Edwige Fouvry
Sous le Ciel
March 6 -- 29, 2014
Dolby Chadwick Gallery
210 Post Street, Suite 205
San Francisco CA, 94108

When Art Worlds Don't Collide: TRAC 2014 and the Whitney Biennial

Artist Teresa Oaxaca admires Odd Nerdum's The Poacher at TRAC 2014
Photo by Brittany McGinley

I often tell people that there isn't just one Art World, and on Wednesday, March 5th two divergent art events taking place on opposite coasts of the United States would have proved my point and then some. Let's start with the West Coast... In Ventura, California March 5th was the closing day of the second ever Representational Art Conference -- TRAC 2014 -- an international gathering that had attracted over 300 artists and others interested in exploring "the aesthetic principles and values implicit in the representational art of the 21st Century." The TRAC conference has tripled in size since it first appeared in 2012, and this year's attendees often found themselves spilling out the back doors and leaning against walls, listening raptly to presenters and panel discussions.

The crowd overflows during a TRAC panel discussion
Photo by Brittany McGinley

During TRAC's opening evening on Sunday, March 2nd crowds sat six rows deep as they took in a four-ring circus of technical demonstrations and lectures. They alternated between watching a live oil portrait demonstration by Tony Pro and a demonstration of the use of gold leaf in mixed-media by Pam Hawkes. In another corner sculptor Stephen Perkins offered a demo in which he confidently modeled a clay ecorché figure while giving tips on human anatomy. Across the room artist Graydon Parrish and his co-presenter Steve Linberg donned white lab coats while explaining the systematic intricacies of the Munsell Color System.

TRAC Demonstrators - from upper left then clockwise
Tony Pro (painting Virgil Elliot), Pam Hawkes, Stephen Perkins and Graydon Parrish

The second morning of the conference opened with a breakfast talk by Roger Scruton, a British philosopher, and the host of the BBC documentary Why Beauty Matters. Scruton argues that fake ideas and fake emotions have banished beauty from High Culture.

Alexey Steele demonstrates drawing with Roger Scruton as his model
Photo by Brittany McGinley

A sober and articulate Scruton lamented the series of "jokes" in contemporary art going all the way back to Marcel Duchamp's urinal -- a word which he pronounced with evident distaste as yur-eye-null -- arguing that authenticity and "real" art offered the antidote to Duchamp's derailment of art's true purposes. Railing against the "fake originality" of much modern and contemporary art -- Jeff Koons was one target of his wrath -- Scruton has positioned himself as an advocate for narrative art that offers its viewers the possibility of redemption.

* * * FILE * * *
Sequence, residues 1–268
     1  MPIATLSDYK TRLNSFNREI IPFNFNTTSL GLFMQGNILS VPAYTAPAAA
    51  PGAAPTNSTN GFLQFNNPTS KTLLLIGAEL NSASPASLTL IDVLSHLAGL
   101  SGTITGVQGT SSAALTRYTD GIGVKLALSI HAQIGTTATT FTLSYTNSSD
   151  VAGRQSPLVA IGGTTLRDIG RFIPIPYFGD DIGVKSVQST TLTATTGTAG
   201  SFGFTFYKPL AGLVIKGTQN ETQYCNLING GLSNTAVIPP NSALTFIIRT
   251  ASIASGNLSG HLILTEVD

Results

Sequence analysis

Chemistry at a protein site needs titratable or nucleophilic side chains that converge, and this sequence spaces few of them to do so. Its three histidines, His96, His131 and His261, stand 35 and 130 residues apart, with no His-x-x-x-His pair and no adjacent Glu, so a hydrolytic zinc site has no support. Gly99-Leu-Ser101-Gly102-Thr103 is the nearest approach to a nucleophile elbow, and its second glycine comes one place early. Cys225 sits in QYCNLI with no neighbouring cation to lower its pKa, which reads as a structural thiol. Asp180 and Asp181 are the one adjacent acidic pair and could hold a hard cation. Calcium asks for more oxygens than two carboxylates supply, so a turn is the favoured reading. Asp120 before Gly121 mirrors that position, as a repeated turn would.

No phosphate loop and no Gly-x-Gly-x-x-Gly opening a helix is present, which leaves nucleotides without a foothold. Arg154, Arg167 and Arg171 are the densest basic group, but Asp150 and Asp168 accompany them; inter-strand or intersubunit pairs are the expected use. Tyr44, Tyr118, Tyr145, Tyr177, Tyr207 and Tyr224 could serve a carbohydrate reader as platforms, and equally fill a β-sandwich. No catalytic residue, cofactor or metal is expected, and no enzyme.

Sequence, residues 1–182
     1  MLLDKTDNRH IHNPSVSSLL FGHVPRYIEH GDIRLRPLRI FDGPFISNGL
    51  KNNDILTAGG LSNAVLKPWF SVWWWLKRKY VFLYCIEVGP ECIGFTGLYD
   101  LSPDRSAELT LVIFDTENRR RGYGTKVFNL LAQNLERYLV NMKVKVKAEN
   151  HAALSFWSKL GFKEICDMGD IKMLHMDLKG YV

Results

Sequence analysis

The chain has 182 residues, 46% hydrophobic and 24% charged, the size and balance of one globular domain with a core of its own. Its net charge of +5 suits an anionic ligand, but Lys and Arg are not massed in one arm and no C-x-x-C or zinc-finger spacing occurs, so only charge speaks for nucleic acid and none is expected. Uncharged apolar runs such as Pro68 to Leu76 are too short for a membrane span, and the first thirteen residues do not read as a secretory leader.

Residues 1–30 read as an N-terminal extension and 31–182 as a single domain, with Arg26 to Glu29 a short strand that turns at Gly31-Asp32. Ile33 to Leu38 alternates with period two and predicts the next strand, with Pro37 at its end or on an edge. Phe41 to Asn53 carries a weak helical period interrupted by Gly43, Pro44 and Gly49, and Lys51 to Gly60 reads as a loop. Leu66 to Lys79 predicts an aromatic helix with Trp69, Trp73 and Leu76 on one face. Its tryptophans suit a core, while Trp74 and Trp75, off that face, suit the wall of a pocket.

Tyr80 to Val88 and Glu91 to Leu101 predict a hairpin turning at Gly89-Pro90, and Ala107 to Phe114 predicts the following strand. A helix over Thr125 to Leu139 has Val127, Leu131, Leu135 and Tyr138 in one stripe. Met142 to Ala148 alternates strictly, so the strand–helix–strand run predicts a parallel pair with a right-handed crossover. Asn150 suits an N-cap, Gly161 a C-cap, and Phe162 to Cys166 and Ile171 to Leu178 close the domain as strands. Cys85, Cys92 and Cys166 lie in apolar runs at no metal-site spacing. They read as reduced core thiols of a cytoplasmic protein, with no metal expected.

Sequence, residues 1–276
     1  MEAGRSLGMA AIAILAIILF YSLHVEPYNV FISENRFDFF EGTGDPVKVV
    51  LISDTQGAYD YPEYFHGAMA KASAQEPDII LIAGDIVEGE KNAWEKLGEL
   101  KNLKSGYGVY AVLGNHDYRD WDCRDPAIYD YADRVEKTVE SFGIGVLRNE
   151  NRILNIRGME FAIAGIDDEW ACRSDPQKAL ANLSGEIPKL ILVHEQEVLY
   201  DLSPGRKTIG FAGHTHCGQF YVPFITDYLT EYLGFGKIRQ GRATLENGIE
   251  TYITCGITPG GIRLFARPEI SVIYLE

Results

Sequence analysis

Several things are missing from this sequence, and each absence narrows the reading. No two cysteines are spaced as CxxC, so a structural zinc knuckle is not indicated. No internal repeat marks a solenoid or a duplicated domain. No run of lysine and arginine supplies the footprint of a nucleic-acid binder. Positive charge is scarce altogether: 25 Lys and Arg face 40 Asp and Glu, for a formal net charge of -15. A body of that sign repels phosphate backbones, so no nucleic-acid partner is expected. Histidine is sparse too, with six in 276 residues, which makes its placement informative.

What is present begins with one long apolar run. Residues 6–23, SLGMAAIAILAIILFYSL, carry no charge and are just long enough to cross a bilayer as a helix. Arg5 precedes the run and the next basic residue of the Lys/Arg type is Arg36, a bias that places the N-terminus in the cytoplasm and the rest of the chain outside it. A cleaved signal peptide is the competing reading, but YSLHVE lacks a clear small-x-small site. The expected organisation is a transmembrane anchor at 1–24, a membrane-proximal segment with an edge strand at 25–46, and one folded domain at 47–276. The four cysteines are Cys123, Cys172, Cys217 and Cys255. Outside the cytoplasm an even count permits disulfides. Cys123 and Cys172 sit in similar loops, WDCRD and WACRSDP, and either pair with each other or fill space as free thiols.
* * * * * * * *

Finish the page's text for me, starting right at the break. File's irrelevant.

Roger Scruton at TRAC 2014: video by John Seed (39 seconds)

Scruton gave the conference its philosophical and moral center, when he told his listeners: "You should be able to go to art with the burden of your life." At the close of his breakfast address, Scruton received a standing ovation, leaving the crowd excited, caffeinated and ready for the panels and papers to follow.

L to R: Peter Trippi and Michael Zakian
Photos by Brittany McGinley

After breakfast I listened to Peter Trippi, the Editor of Fine Art Connoisseur Magazine who offered a shrewd blend of insight and advice in his presentation: So, Great Art Is Being Made Today: Who's Selling and Buying It, Why and How? "Mark my word," he announced at one point: "Within 25 years the only public commercial galleries left in New York City will be tourist oriented storefronts within walking distance of each other." Just as Trippi was finishing I heard applause ring through the hotel walls when Michael Zakian, the Director of the Frederick Weisman Museum at Pepperdine University completed his talk on The Problem of Content in Contemporary Realism.

After lunch the events just kept coming. There were 18 academic paper presentations to choose from -- The Quest for Beauty Through Classical Proportion Systems was one -- followed by an excursion to Cal Lutheran University to view two exhibitions: Women by Women and Resonating Images III.

Roger Scruton and Odd Nerdrum: Photo by Betty Shelton

The following day brought the conference's much-awaited centerpiece -- a conversation between philosopher Roger Scruton and artist Odd Nerdrum, the event's rock-star presence. The crowd listened raptly when Nerdrum explained that just as American soldiers in Afghanistan had been told to "shoot at anything that looked like a Rembrandt portrait" contemporary art historians had been trained to "kill all pictures that look like a Rembrandt."